Basyle "Boz" Tchividjian is founder and attorney for G.R.A.C.E.--"a non-profit organization made up of highly trained and experienced multi-disciplinary professionals who seek to educate and empower the Christian community to identify, confront and respond to the sin of child abuse" (from their website). Tchividjian is grandson of Billy Graham and brother to Tullian Tchividjian, Senior Pastor of Coral Ridge Presbyterian Church, Fort Lauderdale, FL. "Boz" Tchividijan serves as Assistant Professor of Law at Liberty University Law School.
Earlier this week, Tchividjian was interviewed by Janet Mefferd about the latest on the Sovereign Grace Ministries lawsuit and the fallout over the Together for the Gospel and The Gospel Coalition statements offering public support and unqualified support for their ministry colleague against numerous charges by several plaintiffs filed in a Maryland court. Though a judge initially dismissed the majority of the plaintiff charges due to exceeding the statute of limitations (two of the plaintiffs were still within the time limits to file suit), the plaintiff attorneys immediately filed for the judge to reconsider. They also plan to file an appeal with the judge fails to reconsider their case.
The response was so overwhelmingly negative for the Together for the Gospel statement supporting Mahaney that Al Mohler, Mark Dever, and Ligon Duncun posted on their facebook page, the post with over a hundred comments (mostly negative comments) was scrubbed from their site (an archived view of Mohler, Dever, and Duncan's statement along with several comments can be found here and here).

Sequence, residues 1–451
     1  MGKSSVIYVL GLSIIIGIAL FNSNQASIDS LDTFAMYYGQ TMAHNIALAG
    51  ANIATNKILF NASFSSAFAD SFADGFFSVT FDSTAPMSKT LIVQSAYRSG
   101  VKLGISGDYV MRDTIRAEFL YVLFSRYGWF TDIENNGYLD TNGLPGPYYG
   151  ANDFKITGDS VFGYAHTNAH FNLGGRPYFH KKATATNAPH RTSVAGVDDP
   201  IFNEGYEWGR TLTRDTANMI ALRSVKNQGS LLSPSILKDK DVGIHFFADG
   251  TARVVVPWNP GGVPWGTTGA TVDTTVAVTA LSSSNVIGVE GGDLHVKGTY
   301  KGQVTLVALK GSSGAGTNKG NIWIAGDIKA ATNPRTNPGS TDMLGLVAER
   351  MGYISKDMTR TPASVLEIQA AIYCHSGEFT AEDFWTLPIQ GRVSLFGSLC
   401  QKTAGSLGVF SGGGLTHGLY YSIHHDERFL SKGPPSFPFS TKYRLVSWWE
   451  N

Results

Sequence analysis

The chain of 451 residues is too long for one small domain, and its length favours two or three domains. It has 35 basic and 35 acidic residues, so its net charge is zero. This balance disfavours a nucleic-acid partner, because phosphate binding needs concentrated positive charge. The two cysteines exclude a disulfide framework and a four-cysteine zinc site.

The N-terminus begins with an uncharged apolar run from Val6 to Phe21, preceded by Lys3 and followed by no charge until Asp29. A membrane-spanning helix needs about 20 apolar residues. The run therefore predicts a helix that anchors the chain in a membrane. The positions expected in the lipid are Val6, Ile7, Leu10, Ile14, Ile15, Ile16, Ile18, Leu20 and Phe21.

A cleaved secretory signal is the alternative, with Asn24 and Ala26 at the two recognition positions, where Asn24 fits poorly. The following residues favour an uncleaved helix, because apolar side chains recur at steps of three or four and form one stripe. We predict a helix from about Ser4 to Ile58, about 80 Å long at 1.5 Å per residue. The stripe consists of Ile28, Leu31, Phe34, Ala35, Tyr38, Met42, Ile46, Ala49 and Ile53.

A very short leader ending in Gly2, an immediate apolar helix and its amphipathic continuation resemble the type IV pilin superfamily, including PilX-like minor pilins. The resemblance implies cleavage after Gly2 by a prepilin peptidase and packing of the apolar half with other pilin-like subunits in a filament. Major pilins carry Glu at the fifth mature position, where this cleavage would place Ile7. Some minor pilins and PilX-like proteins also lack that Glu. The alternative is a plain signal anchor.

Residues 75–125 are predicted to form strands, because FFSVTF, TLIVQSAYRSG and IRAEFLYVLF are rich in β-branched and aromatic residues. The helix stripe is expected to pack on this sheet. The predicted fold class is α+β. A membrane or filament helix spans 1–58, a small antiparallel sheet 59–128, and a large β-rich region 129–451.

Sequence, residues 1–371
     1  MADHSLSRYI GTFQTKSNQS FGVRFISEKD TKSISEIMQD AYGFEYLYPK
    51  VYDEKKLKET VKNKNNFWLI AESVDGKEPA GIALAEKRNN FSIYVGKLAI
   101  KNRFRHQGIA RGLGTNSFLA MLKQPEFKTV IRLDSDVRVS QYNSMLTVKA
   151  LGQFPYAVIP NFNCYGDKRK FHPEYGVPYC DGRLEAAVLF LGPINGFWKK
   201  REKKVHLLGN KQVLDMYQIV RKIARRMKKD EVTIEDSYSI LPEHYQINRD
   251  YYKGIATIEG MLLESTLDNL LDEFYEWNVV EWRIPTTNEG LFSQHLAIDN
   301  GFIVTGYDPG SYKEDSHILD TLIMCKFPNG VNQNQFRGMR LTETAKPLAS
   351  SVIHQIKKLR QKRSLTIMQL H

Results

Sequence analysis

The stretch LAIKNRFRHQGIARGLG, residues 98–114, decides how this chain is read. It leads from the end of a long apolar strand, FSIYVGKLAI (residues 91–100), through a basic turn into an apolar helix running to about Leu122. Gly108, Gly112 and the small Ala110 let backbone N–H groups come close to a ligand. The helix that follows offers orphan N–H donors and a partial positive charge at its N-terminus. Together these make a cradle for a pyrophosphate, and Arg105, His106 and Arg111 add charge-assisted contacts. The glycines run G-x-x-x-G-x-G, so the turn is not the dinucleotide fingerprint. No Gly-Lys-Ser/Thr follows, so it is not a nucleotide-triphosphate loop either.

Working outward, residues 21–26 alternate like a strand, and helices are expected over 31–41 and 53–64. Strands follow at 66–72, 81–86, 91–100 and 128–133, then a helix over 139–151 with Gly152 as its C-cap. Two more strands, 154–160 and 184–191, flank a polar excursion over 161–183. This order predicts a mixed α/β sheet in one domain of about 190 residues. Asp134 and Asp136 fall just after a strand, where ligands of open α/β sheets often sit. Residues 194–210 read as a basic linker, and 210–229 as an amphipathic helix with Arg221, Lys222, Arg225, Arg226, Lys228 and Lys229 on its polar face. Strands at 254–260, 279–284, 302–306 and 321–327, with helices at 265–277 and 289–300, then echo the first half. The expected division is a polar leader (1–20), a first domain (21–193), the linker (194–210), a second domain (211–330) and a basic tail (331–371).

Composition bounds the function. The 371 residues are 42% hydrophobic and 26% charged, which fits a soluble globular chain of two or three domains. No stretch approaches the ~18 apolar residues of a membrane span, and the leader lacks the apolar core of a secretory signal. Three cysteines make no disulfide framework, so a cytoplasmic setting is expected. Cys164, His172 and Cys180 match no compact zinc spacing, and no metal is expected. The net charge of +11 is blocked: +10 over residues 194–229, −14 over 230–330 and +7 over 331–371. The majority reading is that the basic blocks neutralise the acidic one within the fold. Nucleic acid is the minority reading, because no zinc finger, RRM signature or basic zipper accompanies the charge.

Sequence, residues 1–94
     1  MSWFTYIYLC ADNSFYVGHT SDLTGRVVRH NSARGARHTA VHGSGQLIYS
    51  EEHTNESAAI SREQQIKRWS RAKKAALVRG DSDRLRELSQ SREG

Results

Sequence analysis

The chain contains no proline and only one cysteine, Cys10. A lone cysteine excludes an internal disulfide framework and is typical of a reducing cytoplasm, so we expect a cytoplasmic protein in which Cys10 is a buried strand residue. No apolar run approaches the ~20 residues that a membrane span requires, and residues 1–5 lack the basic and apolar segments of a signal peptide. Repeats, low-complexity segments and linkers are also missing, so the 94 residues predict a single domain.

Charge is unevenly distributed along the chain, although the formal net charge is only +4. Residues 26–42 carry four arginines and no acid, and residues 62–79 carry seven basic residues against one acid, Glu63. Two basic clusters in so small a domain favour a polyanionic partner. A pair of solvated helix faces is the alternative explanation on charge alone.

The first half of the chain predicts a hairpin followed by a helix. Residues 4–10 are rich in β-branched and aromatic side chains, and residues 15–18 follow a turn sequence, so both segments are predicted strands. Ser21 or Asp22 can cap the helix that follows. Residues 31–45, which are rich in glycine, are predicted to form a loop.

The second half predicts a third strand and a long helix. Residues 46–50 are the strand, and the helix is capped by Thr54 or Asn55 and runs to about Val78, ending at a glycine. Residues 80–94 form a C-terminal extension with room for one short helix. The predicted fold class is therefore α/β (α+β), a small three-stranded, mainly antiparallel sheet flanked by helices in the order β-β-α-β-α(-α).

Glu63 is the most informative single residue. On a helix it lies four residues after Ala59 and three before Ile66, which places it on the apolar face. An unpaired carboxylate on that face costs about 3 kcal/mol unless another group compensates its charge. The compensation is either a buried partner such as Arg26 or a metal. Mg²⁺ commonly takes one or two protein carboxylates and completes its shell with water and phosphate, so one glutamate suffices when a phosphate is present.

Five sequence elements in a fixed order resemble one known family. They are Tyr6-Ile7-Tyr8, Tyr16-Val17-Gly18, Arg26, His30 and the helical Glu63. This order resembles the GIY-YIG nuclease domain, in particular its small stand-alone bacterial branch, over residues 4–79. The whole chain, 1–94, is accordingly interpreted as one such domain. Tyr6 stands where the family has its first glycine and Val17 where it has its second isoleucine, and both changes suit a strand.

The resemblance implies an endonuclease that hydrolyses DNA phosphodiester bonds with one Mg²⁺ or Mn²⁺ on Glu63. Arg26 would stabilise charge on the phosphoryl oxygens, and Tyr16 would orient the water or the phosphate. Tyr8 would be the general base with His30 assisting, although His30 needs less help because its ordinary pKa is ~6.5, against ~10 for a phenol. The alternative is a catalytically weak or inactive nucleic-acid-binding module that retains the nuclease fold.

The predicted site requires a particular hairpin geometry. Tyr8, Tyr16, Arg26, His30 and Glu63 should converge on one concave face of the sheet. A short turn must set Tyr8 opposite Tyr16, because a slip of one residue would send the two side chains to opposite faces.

Perhaps the most notable commenter on the facebook page was Tchividjian, who took his comment and teased it out into a full response essay--"Where are the Voices? The Continued Culture of Silence and Protection in American Evangelicalism." It was on this subject Mefferd interviewed Tchividjian.
During the interview, we discover that Al Mohler, Ligon Duncan, and Mark Dever evidently changed their original statement first posted on May 23, 2013 apparently to reflect some of the stinging criticism offered Tchividijan. The Together for the Gospel original statement read:
Even so, one may check now (at least of June 7), it was discovered that two sentences -- "No such accusation of direct wrongdoing was ever made against C.J. Mahaney. Instead, he was charged with founding a ministry and for teaching doctrines and principles that are held to be true by vast millions of American evangelicals" -- has been removed from the statement. The new version reads:
And, though the statement is updated with deletions altering their original denial that C.J. Mahaney was even named as a direct defendant in the lawsuit but only charged with "founding a ministry" and "teaching doctrines and principles" evangelicals everywhere advocate no such update is indicated on the date. The date on the statement remains May 23. Mohler, Duncan, and Dever simply deleted what many had pointed out was factually incorrect and horribly irresponsible toward the plaintiffs in the lawsuit.